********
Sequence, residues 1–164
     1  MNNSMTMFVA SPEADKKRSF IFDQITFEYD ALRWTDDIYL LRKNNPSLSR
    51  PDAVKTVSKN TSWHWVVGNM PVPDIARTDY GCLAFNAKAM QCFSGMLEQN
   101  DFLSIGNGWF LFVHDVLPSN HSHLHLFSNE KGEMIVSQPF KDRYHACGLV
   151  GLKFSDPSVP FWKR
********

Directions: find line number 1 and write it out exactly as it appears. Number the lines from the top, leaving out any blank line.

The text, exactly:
Sequence, residues 1–164